Many studies evaluated the best predictors for cardiovascular disease (CVD) events in individuals with type 2 diabetes (T2D), but few studies examined the factors most strongly associated with mortality in T2D. The Diabetes Heart Study (DHS), an intensively phenotyped family-based cohort enriched for T2D, provided an opportunity to address this question.
Associations with mortality were examined in 1022 European Americans affected by T2D from 476 DHS families. All-cause mortality was 31.2 % over an average 9.6 years of follow-up. Cox proportional hazards models with sandwich-based variance estimation were used to evaluate associations between all-cause and CVD mortality and 24 demographic and clinical factors, including coronary artery calcified plaque (CAC), carotid artery intima-media thickness, medications, body mass index, waist hip ratio, lipids, blood pressure, kidney function, QT interval, educational attainment, and glycemic control. Nominally significant factors (p < 0.25) from univariate analyses were included in model selection (backward elimination, forward selection, and stepwise selection). Age and sex were included in all models.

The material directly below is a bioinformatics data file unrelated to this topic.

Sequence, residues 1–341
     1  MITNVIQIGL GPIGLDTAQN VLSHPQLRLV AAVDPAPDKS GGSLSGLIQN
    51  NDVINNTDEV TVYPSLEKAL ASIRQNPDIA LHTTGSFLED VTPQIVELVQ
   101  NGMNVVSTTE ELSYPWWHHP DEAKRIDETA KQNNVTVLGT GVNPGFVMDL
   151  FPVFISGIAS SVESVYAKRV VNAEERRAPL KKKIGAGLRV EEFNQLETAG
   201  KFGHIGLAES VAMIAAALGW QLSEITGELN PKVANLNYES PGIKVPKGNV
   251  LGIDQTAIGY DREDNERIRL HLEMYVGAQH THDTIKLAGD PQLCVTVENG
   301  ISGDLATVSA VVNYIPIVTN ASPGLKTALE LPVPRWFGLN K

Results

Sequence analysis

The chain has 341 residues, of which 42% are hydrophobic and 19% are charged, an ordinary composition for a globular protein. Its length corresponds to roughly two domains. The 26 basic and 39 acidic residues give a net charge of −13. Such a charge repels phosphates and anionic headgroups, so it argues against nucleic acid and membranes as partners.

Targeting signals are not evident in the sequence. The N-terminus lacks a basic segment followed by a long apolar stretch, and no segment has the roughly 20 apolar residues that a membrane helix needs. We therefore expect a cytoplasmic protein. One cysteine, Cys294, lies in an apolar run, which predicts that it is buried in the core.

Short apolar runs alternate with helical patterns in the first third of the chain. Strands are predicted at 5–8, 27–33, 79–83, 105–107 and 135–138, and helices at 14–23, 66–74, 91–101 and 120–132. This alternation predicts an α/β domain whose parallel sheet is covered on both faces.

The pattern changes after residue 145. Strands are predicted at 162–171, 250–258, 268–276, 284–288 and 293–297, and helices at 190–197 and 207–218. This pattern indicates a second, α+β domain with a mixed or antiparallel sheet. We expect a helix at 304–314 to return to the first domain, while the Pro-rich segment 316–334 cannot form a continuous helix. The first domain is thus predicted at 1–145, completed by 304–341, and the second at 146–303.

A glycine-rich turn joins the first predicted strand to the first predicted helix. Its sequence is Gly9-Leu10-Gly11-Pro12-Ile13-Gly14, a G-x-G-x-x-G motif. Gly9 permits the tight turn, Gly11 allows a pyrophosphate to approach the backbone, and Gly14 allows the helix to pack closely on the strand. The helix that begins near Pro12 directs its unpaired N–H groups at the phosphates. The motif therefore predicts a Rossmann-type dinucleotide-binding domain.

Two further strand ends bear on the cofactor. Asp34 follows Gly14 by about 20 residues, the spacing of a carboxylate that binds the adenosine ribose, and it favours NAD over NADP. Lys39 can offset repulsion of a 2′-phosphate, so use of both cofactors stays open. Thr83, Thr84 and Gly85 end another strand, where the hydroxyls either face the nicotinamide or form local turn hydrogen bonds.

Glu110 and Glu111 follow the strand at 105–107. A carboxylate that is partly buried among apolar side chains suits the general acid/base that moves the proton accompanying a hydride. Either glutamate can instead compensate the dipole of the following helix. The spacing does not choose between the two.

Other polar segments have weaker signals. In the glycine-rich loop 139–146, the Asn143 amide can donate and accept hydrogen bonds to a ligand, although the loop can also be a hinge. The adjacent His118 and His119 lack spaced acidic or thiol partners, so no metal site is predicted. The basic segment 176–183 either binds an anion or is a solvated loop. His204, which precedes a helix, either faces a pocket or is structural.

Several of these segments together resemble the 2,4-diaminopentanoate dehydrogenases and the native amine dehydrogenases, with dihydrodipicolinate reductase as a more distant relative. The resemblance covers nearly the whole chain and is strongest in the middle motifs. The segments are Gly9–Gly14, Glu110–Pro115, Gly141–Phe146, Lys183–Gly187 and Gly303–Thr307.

The all-cause mortality model selected from the full DHS sample included age, sex, CAC, urine albumin: creatinine ratio (UACR), insulin use, current smoking, and educational attainment. The CVD mortality model selected from the full sample included age, sex, CAC, UACR, triglycerides, and history of CVD events. Beyond age, the most significant associations for both mortality models were CAC (2.03 × 10−4 ≤ p ≤ 0.001) and UACR (1.99 × 10−8 ≤ p ≤ 2.23 × 10−8). To confirm the validity of the main predictors identified with model selection using the full sample, a two-fold cross-validation approach was used, and similar results were observed.
This analysis highlights important demographic and clinical factors, notably CAC and albuminuria, which predict mortality in the general population of patients with T2D.
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